Thursday, April 27, 2017

Agricultural Law Weekly Review—April 27, 2017

Written by M. Sean High – Staff Attorney and Jacqueline Schweichler - Education Programs Coordinator

The following information is an update of recent local, state, national, and international legal developments relevant to agriculture:

ACRE: PA Attorney General Launches New Online Resource
On April 21, 2017, a new Agriculture, Communities and Rural Environment (ACRE) Act 38 resource page debuted on the Pennsylvania Office of Attorney General’s (OAG) website.  Enacted in 2005, the main purpose of ACRE is to protect Pennsylvania’s “normal agricultural operators from unauthorized local regulation.” Accordingly, under ACRE, OAG is empowered to: (1) review local ordinances to determine conflicts with State law; and (2) to bring legal action against local government units for unauthorized local regulations that prohibit or limit normal agricultural operations.  OAG’s new resource page: (1) provides a link to a brochure describing ACRE; (2) lists resources pertaining to 2017 requests for OAG ordinance review; and (3) provides information detailing how agricultural operators can submit written requests for OAG ordinance reviews.  For more information on ACRE, please visit the Center’s ACRE/Pennsylvania Act 38 library guide.

PA Apple Growers Approve New Apple Program
On April 26, 2017, the Pennsylvania Department of Agriculture released a statement announcing the  approval of the new Pennsylvania Apple Program. The new program replaces the Pennsylvania Apple Marketing Program (PAMP) which will expire next month. Pennsylvania apple growers will be assessed "five cents ($.05) per harvested bushel of apples sold for fresh market use and one cent ($.01) per harvested bushel of apples sold or accepted for processing." The program applies to any apple producer with 500 trees or more. The funds will be used for membership obligations, research, consumer education, and administrative activities.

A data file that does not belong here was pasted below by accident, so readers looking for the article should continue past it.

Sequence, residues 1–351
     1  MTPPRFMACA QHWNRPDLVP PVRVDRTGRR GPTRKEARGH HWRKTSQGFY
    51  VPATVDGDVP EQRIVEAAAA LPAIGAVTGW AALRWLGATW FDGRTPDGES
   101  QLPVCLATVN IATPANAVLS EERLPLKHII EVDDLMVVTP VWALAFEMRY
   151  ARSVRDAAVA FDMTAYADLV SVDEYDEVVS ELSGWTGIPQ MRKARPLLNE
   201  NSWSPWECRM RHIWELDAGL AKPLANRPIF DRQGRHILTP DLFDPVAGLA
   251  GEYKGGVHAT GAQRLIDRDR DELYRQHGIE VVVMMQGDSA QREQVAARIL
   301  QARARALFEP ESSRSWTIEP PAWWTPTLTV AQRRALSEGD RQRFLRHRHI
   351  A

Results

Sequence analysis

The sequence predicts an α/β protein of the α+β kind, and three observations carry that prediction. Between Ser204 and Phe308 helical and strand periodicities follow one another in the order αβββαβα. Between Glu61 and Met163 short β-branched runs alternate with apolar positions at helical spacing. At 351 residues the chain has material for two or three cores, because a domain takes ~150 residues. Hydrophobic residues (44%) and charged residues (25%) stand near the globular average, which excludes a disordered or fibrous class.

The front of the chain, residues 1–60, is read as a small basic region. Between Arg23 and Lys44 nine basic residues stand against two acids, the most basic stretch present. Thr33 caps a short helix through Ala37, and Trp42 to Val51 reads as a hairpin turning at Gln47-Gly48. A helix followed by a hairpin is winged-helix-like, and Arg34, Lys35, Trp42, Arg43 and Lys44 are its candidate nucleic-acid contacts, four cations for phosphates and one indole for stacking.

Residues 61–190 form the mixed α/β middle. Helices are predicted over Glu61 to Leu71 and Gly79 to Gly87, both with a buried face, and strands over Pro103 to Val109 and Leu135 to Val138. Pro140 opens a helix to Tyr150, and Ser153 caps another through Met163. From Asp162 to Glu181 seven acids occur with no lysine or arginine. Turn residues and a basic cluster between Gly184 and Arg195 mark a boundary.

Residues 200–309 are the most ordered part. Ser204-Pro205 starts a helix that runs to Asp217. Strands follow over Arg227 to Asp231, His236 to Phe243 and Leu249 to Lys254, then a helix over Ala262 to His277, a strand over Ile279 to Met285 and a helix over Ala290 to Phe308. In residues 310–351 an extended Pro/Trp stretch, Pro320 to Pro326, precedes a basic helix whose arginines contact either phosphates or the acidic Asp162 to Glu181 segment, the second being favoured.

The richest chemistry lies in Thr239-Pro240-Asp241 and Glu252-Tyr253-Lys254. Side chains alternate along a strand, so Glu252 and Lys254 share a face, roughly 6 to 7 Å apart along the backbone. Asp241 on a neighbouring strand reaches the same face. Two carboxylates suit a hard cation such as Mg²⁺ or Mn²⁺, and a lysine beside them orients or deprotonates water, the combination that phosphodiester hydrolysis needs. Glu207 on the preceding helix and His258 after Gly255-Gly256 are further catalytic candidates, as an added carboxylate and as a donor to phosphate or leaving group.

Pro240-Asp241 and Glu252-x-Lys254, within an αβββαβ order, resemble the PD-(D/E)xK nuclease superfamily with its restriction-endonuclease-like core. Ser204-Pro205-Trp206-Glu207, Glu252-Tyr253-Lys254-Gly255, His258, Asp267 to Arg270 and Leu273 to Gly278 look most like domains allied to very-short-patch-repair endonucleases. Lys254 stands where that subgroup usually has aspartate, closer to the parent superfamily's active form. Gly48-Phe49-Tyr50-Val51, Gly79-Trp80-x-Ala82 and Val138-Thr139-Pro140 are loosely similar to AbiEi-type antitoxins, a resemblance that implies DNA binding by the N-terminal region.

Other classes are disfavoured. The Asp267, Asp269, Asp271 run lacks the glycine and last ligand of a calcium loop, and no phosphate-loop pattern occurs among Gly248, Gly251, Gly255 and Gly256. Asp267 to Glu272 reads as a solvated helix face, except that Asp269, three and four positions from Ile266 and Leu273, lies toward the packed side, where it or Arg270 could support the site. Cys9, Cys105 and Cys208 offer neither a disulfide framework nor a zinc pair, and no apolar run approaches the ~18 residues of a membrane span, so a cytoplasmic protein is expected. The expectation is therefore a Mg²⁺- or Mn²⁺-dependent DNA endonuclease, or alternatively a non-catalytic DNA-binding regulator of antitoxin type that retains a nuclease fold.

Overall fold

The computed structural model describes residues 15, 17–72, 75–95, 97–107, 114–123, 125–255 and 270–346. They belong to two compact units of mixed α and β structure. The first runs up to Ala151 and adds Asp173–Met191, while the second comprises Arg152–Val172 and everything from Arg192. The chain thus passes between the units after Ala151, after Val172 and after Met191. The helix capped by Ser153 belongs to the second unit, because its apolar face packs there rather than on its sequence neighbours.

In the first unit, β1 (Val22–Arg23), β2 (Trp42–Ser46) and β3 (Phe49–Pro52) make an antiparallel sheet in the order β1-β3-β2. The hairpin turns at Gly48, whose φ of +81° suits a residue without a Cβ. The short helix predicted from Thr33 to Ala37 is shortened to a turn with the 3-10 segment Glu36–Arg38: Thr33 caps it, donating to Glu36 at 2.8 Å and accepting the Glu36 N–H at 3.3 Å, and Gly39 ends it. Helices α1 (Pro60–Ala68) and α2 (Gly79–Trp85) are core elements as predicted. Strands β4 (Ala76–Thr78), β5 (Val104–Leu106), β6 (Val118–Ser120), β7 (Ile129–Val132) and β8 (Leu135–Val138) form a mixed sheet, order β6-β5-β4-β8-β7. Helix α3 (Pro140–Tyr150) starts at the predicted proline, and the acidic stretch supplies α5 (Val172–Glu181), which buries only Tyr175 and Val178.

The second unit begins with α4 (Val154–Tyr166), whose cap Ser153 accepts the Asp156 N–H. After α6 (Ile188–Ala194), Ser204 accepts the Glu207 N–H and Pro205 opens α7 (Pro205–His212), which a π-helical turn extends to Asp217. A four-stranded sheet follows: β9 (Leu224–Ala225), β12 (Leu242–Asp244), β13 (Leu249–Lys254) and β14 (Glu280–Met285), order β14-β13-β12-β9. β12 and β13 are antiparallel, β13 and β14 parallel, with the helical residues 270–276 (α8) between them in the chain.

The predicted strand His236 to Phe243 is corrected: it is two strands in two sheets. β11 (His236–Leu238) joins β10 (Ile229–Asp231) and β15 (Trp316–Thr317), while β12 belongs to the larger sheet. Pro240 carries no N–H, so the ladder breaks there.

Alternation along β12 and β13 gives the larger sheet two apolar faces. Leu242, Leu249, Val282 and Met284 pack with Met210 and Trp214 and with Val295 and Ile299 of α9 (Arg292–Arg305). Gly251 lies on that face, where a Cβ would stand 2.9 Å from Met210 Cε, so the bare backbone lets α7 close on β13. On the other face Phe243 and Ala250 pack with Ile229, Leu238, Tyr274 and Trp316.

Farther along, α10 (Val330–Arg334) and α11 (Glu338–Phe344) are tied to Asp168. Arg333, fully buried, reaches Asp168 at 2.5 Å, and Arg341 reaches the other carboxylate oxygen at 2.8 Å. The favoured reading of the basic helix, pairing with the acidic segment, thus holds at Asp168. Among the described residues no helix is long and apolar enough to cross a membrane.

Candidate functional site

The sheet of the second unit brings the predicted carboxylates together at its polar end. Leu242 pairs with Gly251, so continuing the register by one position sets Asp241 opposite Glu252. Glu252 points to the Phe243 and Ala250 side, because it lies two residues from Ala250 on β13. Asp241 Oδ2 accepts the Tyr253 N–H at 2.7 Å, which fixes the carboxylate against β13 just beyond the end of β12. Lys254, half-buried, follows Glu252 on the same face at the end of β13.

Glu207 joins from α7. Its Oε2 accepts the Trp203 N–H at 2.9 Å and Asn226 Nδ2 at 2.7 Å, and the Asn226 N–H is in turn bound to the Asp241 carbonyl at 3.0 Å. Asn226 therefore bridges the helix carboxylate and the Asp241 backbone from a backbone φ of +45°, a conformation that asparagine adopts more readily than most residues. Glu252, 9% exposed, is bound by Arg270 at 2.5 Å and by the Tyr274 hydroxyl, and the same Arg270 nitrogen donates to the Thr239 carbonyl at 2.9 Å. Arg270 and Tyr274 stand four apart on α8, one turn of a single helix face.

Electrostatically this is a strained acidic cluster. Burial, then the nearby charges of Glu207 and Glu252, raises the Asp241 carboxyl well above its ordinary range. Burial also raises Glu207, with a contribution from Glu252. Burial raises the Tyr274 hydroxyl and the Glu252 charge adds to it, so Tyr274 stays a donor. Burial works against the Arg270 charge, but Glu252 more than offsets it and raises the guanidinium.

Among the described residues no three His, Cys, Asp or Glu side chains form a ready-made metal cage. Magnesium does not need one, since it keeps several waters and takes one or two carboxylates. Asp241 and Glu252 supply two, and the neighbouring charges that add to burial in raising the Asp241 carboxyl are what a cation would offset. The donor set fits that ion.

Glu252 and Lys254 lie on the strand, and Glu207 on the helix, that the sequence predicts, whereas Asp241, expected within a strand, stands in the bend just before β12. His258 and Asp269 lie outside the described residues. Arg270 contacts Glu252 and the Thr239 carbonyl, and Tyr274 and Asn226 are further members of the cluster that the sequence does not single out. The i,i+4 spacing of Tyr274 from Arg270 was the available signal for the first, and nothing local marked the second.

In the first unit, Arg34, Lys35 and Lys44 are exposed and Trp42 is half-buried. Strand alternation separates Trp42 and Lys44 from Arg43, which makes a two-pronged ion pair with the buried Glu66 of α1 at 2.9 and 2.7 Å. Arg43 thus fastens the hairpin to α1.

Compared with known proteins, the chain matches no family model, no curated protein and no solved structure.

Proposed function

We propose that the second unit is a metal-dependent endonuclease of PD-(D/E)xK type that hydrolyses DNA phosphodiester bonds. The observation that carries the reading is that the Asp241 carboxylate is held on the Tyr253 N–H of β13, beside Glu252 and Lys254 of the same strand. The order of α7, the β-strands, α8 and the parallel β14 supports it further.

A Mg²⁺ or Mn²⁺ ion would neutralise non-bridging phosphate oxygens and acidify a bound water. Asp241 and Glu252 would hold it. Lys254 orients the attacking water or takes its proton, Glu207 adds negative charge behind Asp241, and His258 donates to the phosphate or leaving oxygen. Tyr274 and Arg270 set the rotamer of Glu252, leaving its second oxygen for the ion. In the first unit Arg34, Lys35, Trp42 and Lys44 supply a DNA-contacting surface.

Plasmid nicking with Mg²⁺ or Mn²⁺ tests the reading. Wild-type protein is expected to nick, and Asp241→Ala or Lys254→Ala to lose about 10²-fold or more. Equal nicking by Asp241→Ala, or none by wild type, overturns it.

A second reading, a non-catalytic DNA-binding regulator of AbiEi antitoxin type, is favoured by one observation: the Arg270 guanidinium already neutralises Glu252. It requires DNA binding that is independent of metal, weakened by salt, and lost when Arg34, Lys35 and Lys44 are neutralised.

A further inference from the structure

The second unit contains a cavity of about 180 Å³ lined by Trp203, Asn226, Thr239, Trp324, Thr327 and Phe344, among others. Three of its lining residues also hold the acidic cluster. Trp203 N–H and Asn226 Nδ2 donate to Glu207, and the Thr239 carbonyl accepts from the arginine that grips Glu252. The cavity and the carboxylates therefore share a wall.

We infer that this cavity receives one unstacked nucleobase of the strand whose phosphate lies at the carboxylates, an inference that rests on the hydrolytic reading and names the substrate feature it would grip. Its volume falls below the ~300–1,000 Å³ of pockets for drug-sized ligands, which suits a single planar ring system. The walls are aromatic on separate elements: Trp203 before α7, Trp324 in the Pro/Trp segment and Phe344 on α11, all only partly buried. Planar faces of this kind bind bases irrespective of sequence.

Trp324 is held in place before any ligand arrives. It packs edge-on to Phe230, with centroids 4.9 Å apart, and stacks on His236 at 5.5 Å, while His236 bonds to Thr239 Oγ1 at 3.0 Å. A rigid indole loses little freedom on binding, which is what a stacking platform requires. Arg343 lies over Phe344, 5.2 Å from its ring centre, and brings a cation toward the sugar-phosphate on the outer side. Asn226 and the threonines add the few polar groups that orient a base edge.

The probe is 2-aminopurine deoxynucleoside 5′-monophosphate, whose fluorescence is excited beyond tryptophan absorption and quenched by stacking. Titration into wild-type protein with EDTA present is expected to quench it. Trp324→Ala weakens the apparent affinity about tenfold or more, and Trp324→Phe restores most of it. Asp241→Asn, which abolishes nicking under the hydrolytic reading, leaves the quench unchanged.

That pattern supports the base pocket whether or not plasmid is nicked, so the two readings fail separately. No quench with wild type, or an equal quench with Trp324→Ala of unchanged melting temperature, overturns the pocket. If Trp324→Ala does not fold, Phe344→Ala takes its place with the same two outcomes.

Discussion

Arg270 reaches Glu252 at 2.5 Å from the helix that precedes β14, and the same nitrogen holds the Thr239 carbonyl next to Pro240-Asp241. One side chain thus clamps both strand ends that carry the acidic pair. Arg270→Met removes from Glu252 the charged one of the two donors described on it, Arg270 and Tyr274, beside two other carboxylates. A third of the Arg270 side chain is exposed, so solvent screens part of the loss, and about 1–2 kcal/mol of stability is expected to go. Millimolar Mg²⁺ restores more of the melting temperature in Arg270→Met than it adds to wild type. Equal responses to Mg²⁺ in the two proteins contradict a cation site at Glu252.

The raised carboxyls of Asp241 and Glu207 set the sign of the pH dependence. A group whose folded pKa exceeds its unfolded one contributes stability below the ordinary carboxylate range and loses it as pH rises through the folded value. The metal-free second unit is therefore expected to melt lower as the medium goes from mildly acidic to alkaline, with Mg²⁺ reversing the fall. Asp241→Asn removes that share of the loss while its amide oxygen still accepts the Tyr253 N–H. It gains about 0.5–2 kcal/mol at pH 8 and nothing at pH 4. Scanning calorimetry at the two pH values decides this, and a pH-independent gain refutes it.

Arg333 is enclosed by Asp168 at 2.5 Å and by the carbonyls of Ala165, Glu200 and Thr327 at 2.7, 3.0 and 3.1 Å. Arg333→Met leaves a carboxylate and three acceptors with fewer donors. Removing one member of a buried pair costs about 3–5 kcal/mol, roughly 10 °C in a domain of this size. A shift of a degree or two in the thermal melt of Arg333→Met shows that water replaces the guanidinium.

Senate Confirmation: Sonny Perdue Confirmed as New Secretary of Agriculture
On April 24, 2017, by a vote of 87-11, the U.S. Senate confirmed Sonny Perdue to be the new U.S. Secretary of Agriculture.  Following the confirmation, Senate Committee on Agriculture, Nutrition, and Forestry Chairman Pat Robert (R-Kan.) issued the following statement regarding the former Georgia Governor:
“I’m pleased that the U.S. Senate was able to work in a bipartisan fashion to confirm Governor Perdue,” Roberts said. “I have faith that Governor Perdue will put the needs of farmers and ranchers first, and I know that rural America is thankful to have such a qualified Agriculture Secretary on their side.”

White House Releases Executive Order on Agriculture 
On April 25, 2017, the White House released the Presidential Executive Order on Promoting Agriculture and Rural Prosperity in America. The executive order creates the Interagency Task Force on Agriculture and Rural Prosperity.  The purpose of the task force is to "identify legislative, regulatory, and policy changes to promote in rural America agriculture, economic development, job growth, infrastructure improvements, technological innovation, energy security, and quality of life..." The order requires the members of the Task Force to submit a report to the president within 180 days recommending legislative and policy changes.

Dairy: USDA Requests Comment on Proposed California Federal Milk Marketing Order
On April 21, 2017, the United States Department of Agriculture (USDA) Agricultural Marketing Service (AMS) published notice in the Federal Register of a request for public comment regarding the Proposed California Federal Milk Marketing Order; producer ballots (82 FR 18721).  According to USDA AMS, the “document invites comments on the proposed ballots to be used in conducting a referendum to determine whether the issuance of a Federal Milk Marketing Order (FMMO) regulating the handling of milk in California is favored by producers and cooperative associations.” Comments must be received by June 20, 2017.